Interviewed by Amber Croyle, P.3 Social Media Intern
Throughout her career as Deputy Director of Curatorial Planning at the Los Angeles County Museum of Art (LACMA), Director and Curator of The Contemporary Center at New York’s American Folk Art Museum, and Director of the museum at Winston-Salem State University, Brooke Davis Anderson's influence and leadership have resulted in memorable exhibitions, tangible fiscal benefits, and genuine engagement with community.
As a result of her focused scholarship, Brooke has expertise in African American art (especially the work of John Biggers) and has contributed significant research to the work of contemporary, self-taught artists, most notably Martin Ramirez, Henry Darger, and Bessie Harvey.
Now, as Executive Director of Prospect New Orleans, Brooke shares, “I love that Prospect is founded on collaboration and thrives on partnerships. We are so fortunate to have support from all corners of New Orleans. P.3 is going to be a big success primarily because of our colleagues and collaborators!”
Where are you from and what are your most vivid art related memories?
I’m from the shoreline of Connecticut, Madison, where life typically centers around the beach and town sports, but my family was always more arts-centered. At home as children we were always “making” with my mother – drawing, painting, sewing, building. My father’s folk art collection surrounded us. He was a homebuilder and I feel as if I developed the art of looking during our Sunday drives together when we would critique both old and new colonial houses. Ultimately, though, my greatest influence was my grandmother who presented me with a career trajectory. She worked at the Yale University Art Gallery as Secretary to the Director, and it was through her that I first saw original works of art by Jacob Lawrence and Romare Bearden, two of my all-time favorite artists.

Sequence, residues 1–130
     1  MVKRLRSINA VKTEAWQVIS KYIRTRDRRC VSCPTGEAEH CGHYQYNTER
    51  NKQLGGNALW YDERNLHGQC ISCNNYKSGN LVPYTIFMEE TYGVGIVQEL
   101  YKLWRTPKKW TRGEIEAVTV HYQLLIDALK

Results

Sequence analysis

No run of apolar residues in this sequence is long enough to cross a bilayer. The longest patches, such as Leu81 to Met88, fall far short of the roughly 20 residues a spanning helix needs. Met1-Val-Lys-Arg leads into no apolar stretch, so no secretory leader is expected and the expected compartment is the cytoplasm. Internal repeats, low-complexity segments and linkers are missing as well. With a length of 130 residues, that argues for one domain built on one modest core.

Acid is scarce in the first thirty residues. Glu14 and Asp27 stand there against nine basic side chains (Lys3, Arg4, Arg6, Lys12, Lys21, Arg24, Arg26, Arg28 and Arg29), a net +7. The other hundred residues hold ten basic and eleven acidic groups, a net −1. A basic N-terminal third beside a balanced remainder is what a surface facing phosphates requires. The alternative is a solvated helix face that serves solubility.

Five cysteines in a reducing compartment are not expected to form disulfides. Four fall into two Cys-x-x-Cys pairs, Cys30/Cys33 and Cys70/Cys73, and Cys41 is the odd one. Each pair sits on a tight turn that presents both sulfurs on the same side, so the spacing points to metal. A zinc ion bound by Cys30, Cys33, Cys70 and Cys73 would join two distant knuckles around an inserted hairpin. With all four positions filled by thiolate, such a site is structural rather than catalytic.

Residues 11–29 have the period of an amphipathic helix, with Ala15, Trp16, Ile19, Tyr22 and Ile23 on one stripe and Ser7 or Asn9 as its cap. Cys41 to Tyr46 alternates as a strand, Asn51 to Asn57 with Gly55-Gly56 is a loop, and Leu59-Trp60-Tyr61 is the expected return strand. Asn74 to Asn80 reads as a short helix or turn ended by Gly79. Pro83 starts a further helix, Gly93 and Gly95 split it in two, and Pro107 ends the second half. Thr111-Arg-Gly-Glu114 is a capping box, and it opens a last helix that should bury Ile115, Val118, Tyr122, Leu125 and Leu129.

What are the undercurrents of your career that have led to your work at Prospect?
It was as Museum Director at Winston-Salem University in the 1990s, that I discovered my deep concern for and connection with audiences, both new to art and veterans of art experiences. This remains a priority in all of my work, developing opportunities for art, exhibitions, and public programs that reach deep into the corners of a community. Part of the great appeal about Prospect is the way in which it is organized to partner with all sorts of organizations, all variety of venues, and every possible neighborhood in New Orleans. I like that Prospect isn’t located in one building with one main entrance, but actually injects itself into a dozen or more locations all over the city, allowing for encounters with people who have diverse frameworks in which to experience contemporary art.
As someone who could be considered a New Orleans “outsider,” what do you feel that you bring to Prospect?
Yikes! I so don’t feel like an outsider! It’s very important that I feel a sense of belonging. I understand that I live in New York, but I am working hard for this project and already feel welcomed by the community. Our 21st century world becomes smaller and smaller with technology and travel and one of the gifts of working at this time is that we are allowed to expand the reach of the city of New Orleans beyond its physical boundaries. We are a “tri-coastal” staff with employees in Los Angeles, New York, and New Orleans. When I’m here in New York, I’m in New Orleans too.
Franklin’s [Sirmans, P.3 Artistic Director] show will be so much about New Orleans in the 21st century, and when I think about helping to present his ideas, I feel like I’m on the ground there, respectfully making my way around the many communities.
Most importantly, what’s your favorite NOLA restaurant?
I’m not a foodie! However, since my last visit, it’s Carmo on Julia Street! They serve lots of Brazilian and Caribbean veggie dishes in a relaxed atmosphere - it suits my appetite and my attitude.
Next P:3 Profile featuring Ylva Rouse, Deputy Director for Curatorial Affairs, available soon!